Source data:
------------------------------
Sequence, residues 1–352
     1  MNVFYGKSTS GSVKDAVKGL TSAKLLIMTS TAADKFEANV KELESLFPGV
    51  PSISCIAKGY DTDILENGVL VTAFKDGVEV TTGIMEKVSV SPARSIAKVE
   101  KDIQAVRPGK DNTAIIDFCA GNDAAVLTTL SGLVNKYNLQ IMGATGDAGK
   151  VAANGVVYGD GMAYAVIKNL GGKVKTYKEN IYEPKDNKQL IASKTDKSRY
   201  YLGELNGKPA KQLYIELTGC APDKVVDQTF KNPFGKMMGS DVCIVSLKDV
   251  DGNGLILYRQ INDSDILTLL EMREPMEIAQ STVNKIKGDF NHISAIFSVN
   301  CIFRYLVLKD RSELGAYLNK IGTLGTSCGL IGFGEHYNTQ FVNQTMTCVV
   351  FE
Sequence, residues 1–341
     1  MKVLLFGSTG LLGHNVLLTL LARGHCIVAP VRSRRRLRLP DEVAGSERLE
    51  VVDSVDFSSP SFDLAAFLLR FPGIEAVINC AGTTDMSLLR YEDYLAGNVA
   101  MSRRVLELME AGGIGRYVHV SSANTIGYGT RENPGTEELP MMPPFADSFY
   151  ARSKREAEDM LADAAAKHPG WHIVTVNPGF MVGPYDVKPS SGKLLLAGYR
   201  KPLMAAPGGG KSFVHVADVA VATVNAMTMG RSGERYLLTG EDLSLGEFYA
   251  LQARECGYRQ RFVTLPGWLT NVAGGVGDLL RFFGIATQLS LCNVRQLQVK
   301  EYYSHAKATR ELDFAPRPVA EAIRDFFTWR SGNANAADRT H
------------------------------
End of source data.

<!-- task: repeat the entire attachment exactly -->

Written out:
Sequence, residues 1–352
     1  MNVFYGKSTS GSVKDAVKGL TSAKLLIMTS TAADKFEANV KELESLFPGV
    51  PSISCIAKGY DTDILENGVL VTAFKDGVEV TTGIMEKVSV SPARSIAKVE
   101  KDIQAVRPGK DNTAIIDFCA GNDAAVLTTL SGLVNKYNLQ IMGATGDAGK
   151  VAANGVVYGD GMAYAVIKNL GGKVKTYKEN IYEPKDNKQL IASKTDKSRY
   201  YLGELNGKPA KQLYIELTGC APDKVVDQTF KNPFGKMMGS DVCIVSLKDV
   251  DGNGLILYRQ INDSDILTLL EMREPMEIAQ STVNKIKGDF NHISAIFSVN
   301  CIFRYLVLKD RSELGAYLNK IGTLGTSCGL IGFGEHYNTQ FVNQTMTCVV
   351  FE
Sequence, residues 1–341
     1  MKVLLFGSTG LLGHNVLLTL LARGHCIVAP VRSRRRLRLP DEVAGSERLE
    51  VVDSVDFSSP SFDLAAFLLR FPGIEAVINC AGTTDMSLLR YEDYLAGNVA
   101  MSRRVLELME AGGIGRYVHV SSANTIGYGT RENPGTEELP MMPPFADSFY
   151  ARSKREAEDM LADAAAKHPG WHIVTVNPGF MVGPYDVKPS SGKLLLAGYR
   201  KPLMAAPGGG KSFVHVADVA VATVNAMTMG RSGERYLLTG EDLSLGEFYA
   251  LQARECGYRQ RFVTLPGWLT NVAGGVGDLL RFFGIATQLS LCNVRQLQVK
   301  EYYSHAKATR ELDFAPRPVA EAIRDFFTWR SGNANAADRT H